I think they did – I remember coming to and thinking, what’s going on? I thought I had a preview tonight? And the sound of the audience flooded in. They were laughing so it must have looked intentional. Benno said it was intentional.
Some might have thought it was the highlight of the night. Emily, have any of these characters you’ve played stayed with you?
Especially with The Seagull – this is going to sound very dramatic – I made a conscious effort of letting go of Masha when I finished. It was such an intense space to be in every night and the character was so full of deep sadness and heartache. It wasn’t something you could phone in. You had to really be there. There were some nights the play was elevated and it was an amazing feeling. You know, because of that, it inevitably affects you. Even on a physiological level, you’re there for three hours feeling devastated. You’re bound to take some of that home with you at the end of the day.
It’s quite a downward spiral.
It’s a strange thing. Sometimes you really feel like you’re channelling this person. It’s amazing, because you’re transported, but at the end of it you have to let go of it because it can really, really affect you. And I think it did affect us all over the course of the production. Feelings arise in you… and you realise it’s those parts of yourself you’re having to draw on or a place you have to go to imaginatively sparking off real-life feelings or fears in yourself.
Coming back to London and being removed from it physically – although I really miss everyone – it’s a new beginning.
I suppose you felt the same way after playing that owl in the Ga’Hoole movie.
Yeah I really feel like I’ve still got the owl inside me. Every day. It’s something I have to face. [Laughs.] It was my life. Pretty tough really.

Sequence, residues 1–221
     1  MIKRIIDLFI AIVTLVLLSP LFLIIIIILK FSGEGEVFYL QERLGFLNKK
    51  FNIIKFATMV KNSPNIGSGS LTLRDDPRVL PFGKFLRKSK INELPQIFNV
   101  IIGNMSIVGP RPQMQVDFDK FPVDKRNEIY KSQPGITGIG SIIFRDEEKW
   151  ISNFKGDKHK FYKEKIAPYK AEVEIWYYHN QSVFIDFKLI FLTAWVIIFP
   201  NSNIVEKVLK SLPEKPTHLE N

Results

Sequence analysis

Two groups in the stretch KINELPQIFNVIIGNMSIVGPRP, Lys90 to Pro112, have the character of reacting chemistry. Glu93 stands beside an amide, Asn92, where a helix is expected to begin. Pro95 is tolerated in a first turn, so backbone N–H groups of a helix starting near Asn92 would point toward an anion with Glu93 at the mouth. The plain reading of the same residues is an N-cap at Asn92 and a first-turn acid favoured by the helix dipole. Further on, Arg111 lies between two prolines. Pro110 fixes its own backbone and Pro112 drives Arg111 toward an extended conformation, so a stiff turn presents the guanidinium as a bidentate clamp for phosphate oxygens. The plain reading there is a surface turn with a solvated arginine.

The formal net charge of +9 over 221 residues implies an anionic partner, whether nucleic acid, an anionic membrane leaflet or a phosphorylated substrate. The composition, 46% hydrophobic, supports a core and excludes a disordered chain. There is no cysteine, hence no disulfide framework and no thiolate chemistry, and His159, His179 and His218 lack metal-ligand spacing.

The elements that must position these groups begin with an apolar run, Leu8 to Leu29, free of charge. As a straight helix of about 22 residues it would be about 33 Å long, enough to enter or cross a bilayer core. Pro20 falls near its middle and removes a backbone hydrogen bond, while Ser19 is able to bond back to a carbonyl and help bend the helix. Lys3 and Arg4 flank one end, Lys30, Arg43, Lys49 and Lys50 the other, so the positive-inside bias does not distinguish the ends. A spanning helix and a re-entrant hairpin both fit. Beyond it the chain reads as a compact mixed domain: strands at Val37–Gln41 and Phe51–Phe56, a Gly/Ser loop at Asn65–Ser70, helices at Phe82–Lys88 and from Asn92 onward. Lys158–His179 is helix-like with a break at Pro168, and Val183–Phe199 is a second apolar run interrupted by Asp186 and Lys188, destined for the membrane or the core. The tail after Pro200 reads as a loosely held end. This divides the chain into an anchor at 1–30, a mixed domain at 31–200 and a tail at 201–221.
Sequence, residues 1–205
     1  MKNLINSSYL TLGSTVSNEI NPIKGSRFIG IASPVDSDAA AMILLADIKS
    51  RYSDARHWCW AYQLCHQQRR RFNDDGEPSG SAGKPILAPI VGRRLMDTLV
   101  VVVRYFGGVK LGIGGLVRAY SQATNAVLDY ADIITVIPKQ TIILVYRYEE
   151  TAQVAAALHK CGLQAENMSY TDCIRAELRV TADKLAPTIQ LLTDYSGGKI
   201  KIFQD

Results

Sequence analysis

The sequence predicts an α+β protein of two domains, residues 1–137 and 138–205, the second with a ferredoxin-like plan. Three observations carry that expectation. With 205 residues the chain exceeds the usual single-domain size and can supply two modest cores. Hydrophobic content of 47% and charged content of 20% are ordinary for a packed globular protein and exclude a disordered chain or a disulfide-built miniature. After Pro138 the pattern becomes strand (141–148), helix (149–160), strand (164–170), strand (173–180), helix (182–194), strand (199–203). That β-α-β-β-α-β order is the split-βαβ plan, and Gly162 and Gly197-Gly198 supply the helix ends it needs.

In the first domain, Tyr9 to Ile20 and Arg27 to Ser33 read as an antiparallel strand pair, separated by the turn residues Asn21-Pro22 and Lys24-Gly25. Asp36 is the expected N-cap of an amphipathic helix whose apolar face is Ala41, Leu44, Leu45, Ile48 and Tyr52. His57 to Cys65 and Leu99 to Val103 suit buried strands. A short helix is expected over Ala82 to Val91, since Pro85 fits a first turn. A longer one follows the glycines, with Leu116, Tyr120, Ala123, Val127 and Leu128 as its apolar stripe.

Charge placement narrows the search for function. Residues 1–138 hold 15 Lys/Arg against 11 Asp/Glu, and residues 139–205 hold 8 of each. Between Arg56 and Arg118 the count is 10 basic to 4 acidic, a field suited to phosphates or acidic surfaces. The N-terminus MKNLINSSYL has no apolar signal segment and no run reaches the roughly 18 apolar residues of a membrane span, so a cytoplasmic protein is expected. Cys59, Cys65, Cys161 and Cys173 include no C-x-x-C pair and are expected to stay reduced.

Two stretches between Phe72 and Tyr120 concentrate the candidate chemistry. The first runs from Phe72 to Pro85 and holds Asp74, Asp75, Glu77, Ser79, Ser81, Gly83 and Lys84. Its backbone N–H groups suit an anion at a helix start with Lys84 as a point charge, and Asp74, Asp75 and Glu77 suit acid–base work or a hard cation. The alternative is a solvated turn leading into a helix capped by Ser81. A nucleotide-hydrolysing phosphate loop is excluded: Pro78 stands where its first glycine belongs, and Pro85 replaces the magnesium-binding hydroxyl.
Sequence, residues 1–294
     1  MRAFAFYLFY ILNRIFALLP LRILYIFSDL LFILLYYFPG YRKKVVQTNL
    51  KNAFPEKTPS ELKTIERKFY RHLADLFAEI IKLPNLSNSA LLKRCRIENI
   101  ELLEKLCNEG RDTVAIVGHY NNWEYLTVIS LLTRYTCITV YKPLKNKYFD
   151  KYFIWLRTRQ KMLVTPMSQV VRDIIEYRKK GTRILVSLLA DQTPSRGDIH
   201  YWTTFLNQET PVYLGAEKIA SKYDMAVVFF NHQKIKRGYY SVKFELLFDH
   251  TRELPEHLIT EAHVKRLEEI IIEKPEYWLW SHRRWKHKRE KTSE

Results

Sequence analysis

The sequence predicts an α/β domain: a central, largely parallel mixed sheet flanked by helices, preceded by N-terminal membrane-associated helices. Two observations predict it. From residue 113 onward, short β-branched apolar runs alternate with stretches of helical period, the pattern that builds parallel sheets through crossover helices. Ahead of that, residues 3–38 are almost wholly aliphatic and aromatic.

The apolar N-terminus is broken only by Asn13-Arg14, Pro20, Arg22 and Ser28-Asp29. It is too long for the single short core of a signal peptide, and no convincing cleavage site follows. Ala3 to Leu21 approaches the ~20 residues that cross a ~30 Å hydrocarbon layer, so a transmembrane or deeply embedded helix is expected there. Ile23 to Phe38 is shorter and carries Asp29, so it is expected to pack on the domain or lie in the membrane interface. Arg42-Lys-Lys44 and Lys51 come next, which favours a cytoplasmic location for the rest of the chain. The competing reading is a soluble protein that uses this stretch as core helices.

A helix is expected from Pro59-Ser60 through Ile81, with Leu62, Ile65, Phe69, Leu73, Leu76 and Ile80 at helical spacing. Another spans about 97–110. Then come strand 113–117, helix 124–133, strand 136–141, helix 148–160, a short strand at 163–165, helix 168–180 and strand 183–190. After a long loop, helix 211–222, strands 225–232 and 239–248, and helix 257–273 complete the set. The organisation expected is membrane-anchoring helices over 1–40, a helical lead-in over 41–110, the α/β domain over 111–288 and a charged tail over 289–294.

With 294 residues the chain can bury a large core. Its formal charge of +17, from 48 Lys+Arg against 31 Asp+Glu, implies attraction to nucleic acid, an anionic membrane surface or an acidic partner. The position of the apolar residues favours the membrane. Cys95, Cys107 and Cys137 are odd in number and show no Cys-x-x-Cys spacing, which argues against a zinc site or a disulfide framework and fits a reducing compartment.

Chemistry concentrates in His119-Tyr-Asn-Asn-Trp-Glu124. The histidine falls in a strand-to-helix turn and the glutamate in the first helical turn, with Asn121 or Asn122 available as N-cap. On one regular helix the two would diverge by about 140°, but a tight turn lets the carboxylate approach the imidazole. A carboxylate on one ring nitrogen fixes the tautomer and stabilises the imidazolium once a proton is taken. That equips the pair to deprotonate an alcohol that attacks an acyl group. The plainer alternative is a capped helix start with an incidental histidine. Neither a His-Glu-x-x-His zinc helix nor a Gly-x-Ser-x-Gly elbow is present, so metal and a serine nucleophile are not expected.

So, with you returning next year, I’ve realised you’ll have done four shows in as many years in the Belvoir Upstairs Theatre. That could be a record.
Really?
Not sure. We’ll have to get the fact-checkers on it.
Wow, that’s such an honour. I feel like I’ve been incredibly lucky because I’d never done any theatre before.
I auditioned for Neil [Armfield, former artistic director] and I didn’t do a great audition, I don’t think – It wasn’t theatrical enough, it wasn’t big enough, I had no idea what I was doing. So he really took a massive risk really. And he and the Belvoir have been constantly supportive. If you contrast it with what happens in the film industry, it’s not necessarily about sustaining a career and helping someone develop a career – whereas I feel like Belvoir have put me up and gone, right, we’re going to take you on. It’s a pretty special thing. It makes you feel a part of this family.
I just think the Belvoir is such a good theatre. I really do, you know. I feel like I’m the number one fan of the Belvoir.
Well you’ve given some of the best performances in some of their best productions over the years – and worked with some of our best directors. And Simon Stone is an amazing director.
I’m so excited to work with Simon.
The play sounds bat-shit insane.
Have you read it?
I’ve read the Wikipedia article on it, does that count?
Yeah that counts. [Laughs.] No that doesn’t count.
Okay.
It’s amazing. Simon’s going to adapt it. We’ve had a couple of conversations about. It’ll be really exciting to see what he does with it. As it stands it’s a nine-act five-hour play. So I don’t think it’ll end up the same. Maybe it will!
Not to say your other roles were minor, but this sounds like something to really get your teeth into.
Yeah, a grown-up role. It’s amazing.
This interview originally appeared in Time Out Sydney in September 2011.